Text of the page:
The selection for plantation of a particular type of mustard plant depending on its productivity (pod yield) at the stage of maturity. The growth of mustard plant dependent on some parameters of that plant, these are shoot length, number of leaves, number of roots and roots length etc. As the plant is growing, some leaves may be fall down and some new leaves may come, so it can not gives the idea to develop the relationship with the seeds weight at mature stage of that plant. It is not possible to find the number of roots and root length of mustard plant at growing stage that will be harmful of this plant as roots goes deeper to deeper inside the land. Only the value of shoot length which increases in course of time can be measured at different time instances. Weather parameters are maximum and minimum humidity, rain fall, maximum and minimum temperature may effect the growth of the plant. The parameters of pollution, water, soil, distance and crop management may be dominant factors of growth of plant and its productivity. Considering all parameters, the growth of the plant is very uncertain, fuzzy environment can be considered for the prediction of shoot length at maturity of the plant. Fuzzification plays a greater role for fuzzification of data, which is based on certain membership functions. Here an effort has been made to fuzzify the original data based on gaussian function, triangular function, s-function, Trapezoidal and L –function. After that all fuzzified data are defuzzified to get normal form. Finally the error analysis (calculation of forecasting error and average error) indicates the membership function appropriate for fuzzification of data and use to predict the shoot length at maturity. The result is also verified using residual (Absolute Residual, Maximum of Absolute Residual, Mean Absolute Residual, Mean of Mean Absolute Residual, Median of Absolute Residual and Standard Deviation) analysis.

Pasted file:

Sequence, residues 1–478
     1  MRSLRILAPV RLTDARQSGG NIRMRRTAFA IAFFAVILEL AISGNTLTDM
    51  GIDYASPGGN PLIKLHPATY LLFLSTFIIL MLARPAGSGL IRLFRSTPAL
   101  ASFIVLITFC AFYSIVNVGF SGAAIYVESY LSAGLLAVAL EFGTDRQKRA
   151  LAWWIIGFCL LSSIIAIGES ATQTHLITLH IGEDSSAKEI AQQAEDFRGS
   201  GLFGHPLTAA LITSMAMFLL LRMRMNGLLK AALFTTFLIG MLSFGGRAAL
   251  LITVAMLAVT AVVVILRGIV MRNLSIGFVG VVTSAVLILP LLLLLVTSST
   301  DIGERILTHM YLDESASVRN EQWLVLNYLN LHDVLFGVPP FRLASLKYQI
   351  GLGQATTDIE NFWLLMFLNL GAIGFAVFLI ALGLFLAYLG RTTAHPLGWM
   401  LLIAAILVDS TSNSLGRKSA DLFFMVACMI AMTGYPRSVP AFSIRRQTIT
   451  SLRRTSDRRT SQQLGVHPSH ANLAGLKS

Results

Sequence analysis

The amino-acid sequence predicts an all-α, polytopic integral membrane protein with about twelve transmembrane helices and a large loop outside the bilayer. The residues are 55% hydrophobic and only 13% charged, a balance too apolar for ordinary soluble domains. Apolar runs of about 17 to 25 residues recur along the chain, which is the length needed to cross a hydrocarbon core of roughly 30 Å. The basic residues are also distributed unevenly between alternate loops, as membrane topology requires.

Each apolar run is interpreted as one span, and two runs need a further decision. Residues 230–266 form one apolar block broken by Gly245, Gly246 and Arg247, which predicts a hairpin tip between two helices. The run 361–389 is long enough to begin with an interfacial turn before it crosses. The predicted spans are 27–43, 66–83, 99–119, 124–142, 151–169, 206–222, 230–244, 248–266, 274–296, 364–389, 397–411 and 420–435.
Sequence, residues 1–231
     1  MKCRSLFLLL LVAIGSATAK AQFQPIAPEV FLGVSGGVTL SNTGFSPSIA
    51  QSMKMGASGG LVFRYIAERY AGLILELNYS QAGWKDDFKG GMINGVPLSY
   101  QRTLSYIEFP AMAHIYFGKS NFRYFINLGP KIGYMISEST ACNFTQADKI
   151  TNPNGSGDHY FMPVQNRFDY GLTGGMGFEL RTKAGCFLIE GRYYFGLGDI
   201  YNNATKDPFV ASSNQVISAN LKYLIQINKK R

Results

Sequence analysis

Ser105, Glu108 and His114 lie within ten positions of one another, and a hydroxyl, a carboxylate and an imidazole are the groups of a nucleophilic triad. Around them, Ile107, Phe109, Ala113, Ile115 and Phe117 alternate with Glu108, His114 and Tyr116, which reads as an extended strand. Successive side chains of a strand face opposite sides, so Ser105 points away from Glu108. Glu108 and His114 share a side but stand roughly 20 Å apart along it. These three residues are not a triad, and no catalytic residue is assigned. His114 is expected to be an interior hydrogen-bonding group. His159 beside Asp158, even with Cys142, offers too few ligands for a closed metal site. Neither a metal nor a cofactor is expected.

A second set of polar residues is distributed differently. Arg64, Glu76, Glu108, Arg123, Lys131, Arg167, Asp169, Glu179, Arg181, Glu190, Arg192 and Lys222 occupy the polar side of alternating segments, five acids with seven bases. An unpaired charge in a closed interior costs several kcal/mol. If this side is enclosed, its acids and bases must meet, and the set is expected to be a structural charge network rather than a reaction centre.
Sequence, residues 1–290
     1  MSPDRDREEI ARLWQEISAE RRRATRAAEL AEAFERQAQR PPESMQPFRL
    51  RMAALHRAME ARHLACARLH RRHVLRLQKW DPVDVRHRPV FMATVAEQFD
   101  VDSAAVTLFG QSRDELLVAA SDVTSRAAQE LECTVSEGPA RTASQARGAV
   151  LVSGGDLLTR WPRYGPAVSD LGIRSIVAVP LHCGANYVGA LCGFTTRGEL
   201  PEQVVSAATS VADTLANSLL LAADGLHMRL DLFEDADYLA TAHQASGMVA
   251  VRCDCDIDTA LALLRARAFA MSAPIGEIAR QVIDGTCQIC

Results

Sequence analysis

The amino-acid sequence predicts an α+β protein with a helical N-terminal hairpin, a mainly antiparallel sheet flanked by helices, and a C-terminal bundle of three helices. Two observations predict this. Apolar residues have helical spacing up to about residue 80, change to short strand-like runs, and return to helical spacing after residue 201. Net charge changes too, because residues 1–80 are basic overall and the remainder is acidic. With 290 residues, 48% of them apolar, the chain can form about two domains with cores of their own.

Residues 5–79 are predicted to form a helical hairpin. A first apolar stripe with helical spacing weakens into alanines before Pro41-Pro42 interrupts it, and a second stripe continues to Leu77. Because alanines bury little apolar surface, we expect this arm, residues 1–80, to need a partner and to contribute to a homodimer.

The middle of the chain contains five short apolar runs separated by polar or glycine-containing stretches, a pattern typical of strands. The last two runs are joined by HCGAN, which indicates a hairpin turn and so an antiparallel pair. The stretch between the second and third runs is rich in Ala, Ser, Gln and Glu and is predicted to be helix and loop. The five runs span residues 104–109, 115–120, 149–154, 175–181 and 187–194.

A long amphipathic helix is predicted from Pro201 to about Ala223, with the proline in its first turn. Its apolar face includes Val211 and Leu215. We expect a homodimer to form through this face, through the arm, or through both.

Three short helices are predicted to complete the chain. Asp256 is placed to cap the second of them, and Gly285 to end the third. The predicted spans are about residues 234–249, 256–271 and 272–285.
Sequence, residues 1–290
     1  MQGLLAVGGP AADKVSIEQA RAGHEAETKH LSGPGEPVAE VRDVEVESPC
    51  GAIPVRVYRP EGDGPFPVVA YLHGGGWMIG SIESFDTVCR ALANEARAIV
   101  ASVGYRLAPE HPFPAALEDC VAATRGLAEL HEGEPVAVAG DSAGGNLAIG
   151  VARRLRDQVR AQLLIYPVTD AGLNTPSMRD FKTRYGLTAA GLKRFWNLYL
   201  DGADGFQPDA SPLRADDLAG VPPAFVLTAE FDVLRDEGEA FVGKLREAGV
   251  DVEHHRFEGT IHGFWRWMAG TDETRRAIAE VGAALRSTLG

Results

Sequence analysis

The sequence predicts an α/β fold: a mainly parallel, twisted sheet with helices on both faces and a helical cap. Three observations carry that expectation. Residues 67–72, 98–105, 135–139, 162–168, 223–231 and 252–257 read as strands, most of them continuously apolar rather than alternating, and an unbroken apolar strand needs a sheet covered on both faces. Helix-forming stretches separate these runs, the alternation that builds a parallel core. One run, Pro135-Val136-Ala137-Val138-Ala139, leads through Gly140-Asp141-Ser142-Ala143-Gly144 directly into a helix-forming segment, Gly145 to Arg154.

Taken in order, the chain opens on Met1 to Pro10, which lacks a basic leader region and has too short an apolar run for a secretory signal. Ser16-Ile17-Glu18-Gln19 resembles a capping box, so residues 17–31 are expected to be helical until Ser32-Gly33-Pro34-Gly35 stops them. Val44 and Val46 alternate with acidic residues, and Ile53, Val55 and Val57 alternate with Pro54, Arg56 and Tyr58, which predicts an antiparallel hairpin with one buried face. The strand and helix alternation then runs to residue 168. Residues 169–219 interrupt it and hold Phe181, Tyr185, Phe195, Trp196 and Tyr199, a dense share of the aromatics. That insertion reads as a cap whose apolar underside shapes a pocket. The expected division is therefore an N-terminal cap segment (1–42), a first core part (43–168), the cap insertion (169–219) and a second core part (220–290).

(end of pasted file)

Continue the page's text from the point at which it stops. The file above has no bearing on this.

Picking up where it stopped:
Keywords: Fuzzification, defuzzification, gaussian function, triangular function, trapezoidal function, s-function, , membership function, residual analysis.

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401 The Temperature Range in the Simulation of Residual Stress and Hot Tearing During Investment Casting